11 July 2017
Crystal Maynard, USAMRMC Public Affairs
Scientists at the U.S. Army Center for Environmental Health Research are hoping to determine how bones will heal in microgravity with an experiment that launched into space aboard SpaceX to the International Space Station in February and returned to earth aboard SpaceX’s Dragon cargo craft in March.
Posted by Webmaster

13 March 2017
Jenni Benson, USAG Public Affairs
On a cool morning in late February, Assistant Chief with the Fort Detrick Fire Department Oley Griffith, his son Andrew and a family friend went out to maintain a property in Dorchester County on the Eastern Shore where the three typically enjoy outdoor activities. They had no idea that within a few short hours they would be face-to-face with the American emblem of strength and majesty, the bald eagle.

This one however was seriously injured.
Posted by Webmaster

15 June 2016
Bob Craig, USAG Environmental Management Division
Unfortunately, Mosquito-borne diseases are not a new problem; with mosquitoes causing more human suffering than any other organism. It estimated that over one million people worldwide die from mosquito-borne diseases every year, and the number of people infected with mosquito-borne diseases (e.g., malaria, bacteria and viruses) is many folds greater
Posted by Webmaster

02 December 2013
By: Karrie Reckley, Environmental Management Office
    The U.S. Army Medical Research and Materiel Command and Fort Detrick Commanding General Maj. Gen. Joseph Caravalho Jr. recognized Fort Detrick’s continued commitment to sustainable, cost-effective stewardship by signing an updated Environmental Policy Oct. 2.
Posted by PAO

26 July 2013

By Lanessa Hill, USAG PAO

Trapping mosquitoes will soon be the focus for some researchers at the Forest Glen Annex. Researchers from the Walter Reed Army Institute of Research, Vector Control Department will be placing multiple mosquito traps around the installation to determine species and count the numbers collected.

Posted by PAO

11 July 2013
West Nile Virus: Forgotten but not gone

West Nile Virus (WNV) was first isolated from an adult woman in the West Nile District of Uganda in 1937 and the ecology characterized in Egypt in the 1950’s.  Then in 1957, during an outbreak in Israel, the virus became recognized as a cause of severe human meningitis or encephalitis (inflammation of the spinal cord and brain) in elderly patients.  In 1999, WNV appeared in North America, with encephalitis reported in humans and horses.  The subsequent spread in the U.S. is an important milestone in the evolving history of this virus.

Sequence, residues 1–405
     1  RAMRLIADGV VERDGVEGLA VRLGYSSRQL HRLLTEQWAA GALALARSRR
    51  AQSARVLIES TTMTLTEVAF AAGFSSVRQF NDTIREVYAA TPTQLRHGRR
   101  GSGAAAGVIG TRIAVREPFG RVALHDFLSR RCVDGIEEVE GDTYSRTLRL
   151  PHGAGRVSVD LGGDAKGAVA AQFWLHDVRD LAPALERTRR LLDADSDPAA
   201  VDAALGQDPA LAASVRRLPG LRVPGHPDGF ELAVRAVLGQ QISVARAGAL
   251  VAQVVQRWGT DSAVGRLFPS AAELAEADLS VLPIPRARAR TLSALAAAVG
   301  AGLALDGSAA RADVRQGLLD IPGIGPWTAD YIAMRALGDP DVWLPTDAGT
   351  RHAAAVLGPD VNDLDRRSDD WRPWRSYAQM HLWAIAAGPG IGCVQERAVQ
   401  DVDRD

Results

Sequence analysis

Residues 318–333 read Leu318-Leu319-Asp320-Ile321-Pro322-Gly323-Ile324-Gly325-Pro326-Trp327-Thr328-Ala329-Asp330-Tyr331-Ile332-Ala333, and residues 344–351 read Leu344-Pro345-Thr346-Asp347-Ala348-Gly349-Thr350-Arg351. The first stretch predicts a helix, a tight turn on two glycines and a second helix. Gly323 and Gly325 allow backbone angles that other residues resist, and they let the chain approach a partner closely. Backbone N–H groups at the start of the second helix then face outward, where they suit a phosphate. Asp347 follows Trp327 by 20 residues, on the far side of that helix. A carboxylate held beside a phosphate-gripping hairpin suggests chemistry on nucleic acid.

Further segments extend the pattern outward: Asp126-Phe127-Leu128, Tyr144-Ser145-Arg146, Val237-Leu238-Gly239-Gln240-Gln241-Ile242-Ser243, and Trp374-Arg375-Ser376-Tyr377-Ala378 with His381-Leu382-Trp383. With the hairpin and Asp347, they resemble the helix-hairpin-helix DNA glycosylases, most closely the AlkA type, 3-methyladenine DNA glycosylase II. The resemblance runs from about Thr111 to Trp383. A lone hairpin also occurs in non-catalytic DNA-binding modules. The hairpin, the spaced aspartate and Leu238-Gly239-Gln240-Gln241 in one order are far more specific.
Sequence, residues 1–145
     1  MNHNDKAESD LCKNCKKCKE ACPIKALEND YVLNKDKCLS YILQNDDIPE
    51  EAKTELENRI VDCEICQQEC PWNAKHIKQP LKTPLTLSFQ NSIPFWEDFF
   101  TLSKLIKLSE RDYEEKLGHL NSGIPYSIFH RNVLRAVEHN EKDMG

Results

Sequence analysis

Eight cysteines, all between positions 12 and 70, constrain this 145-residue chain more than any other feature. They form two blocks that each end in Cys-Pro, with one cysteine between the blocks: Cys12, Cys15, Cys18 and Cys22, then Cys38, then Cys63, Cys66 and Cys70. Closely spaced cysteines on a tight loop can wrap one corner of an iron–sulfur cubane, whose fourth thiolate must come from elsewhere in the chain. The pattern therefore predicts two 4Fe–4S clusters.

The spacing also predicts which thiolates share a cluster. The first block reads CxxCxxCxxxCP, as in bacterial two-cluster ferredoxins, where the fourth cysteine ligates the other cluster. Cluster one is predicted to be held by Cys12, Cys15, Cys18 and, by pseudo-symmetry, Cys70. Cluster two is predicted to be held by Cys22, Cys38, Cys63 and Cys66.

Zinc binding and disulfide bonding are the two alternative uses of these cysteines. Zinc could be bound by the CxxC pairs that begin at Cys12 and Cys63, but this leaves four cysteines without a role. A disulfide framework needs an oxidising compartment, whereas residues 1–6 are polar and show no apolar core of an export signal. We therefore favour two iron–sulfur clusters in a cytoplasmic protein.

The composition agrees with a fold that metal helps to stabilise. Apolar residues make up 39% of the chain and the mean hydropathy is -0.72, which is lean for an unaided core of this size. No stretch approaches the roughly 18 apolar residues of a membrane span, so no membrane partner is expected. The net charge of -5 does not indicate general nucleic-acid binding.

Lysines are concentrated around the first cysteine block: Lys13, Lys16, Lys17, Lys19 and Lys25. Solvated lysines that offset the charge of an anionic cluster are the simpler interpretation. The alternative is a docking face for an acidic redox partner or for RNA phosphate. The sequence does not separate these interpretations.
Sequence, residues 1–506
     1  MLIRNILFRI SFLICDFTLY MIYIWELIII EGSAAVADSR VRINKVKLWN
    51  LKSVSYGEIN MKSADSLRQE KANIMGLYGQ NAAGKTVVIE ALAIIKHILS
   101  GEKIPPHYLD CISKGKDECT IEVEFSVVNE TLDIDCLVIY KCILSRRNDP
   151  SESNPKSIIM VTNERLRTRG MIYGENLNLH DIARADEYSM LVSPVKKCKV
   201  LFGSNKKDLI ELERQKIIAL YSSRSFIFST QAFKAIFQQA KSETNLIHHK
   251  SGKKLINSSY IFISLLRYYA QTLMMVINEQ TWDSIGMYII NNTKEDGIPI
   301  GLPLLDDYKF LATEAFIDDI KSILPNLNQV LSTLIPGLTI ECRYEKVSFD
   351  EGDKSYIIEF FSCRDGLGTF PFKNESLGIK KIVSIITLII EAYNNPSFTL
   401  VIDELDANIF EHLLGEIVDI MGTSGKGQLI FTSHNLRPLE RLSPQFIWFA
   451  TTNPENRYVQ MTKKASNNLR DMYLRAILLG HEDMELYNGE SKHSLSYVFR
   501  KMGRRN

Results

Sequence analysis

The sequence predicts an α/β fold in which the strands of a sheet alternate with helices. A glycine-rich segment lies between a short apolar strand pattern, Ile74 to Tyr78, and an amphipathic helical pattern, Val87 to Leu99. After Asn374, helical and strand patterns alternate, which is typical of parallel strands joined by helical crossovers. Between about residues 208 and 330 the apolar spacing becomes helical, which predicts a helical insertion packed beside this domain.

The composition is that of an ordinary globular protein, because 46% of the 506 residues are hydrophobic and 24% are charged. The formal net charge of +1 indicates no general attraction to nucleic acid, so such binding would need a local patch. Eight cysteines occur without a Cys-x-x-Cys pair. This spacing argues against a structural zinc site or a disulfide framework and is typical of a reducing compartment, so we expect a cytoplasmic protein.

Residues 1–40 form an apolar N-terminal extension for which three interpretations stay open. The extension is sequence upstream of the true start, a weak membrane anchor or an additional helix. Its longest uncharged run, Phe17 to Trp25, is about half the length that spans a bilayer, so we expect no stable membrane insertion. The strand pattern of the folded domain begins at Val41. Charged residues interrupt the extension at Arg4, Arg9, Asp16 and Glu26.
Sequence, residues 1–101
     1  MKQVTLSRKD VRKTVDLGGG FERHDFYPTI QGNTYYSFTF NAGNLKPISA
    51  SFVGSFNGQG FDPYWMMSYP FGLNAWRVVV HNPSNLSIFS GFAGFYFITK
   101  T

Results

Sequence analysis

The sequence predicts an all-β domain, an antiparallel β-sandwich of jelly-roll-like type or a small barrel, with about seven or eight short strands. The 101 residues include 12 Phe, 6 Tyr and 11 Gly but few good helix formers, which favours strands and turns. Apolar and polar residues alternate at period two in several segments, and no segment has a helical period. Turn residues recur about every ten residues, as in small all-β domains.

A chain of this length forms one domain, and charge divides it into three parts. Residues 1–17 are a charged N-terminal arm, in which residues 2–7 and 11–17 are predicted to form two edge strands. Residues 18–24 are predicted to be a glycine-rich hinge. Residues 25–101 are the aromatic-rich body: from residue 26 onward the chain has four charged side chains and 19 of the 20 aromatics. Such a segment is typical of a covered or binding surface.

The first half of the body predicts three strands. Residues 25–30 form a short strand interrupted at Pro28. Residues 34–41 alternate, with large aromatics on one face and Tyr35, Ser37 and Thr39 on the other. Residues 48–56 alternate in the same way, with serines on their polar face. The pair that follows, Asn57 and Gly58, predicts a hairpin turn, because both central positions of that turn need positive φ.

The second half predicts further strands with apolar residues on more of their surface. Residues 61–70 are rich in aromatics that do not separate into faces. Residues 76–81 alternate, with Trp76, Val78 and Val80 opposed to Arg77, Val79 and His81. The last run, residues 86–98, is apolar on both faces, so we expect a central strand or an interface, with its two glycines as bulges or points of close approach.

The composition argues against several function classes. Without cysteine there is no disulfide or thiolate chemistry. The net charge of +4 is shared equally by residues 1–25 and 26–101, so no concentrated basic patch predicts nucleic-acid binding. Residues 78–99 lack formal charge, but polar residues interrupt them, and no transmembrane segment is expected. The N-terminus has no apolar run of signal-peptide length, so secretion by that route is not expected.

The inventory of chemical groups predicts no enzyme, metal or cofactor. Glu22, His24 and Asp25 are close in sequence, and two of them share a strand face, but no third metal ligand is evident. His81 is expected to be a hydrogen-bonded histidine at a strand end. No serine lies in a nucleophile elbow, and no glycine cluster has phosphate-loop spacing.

When West Nile Viruswas first detected in the U.S. in 1999, only four states (New York, Connecticut, New Jersey, and Maryland) had reports of WNV in animals, birds, and/or mosquitoes.  By the end of 2005, WNV had been reported throughout the continental U.S. 

 In 2002, 4 novel routes of WNV transmission to humans were documented for the first time: 1) blood transfusion, 2) organ transplantation, 3) transplacental transfer, and 4) breastfeeding.  In 2004, a spokesperson for the Centers for Disease Control and Prevention stated that more than 1,000 blood donors had tested positive for WNV in the U.S., making [it] one of the most common illnesses that can be acquired through transfusions.

The height of the WNV outbreak in the U.S. occurred during 2002 and 2003.  In 2002, WNV infected 4,156 people nationwide and claimed 284 lives, making that year one of the deadliest mosquito-borne illness years in recent U.S. history.  In 2003, there were 9,862 cases of WNV reported with 264 deaths.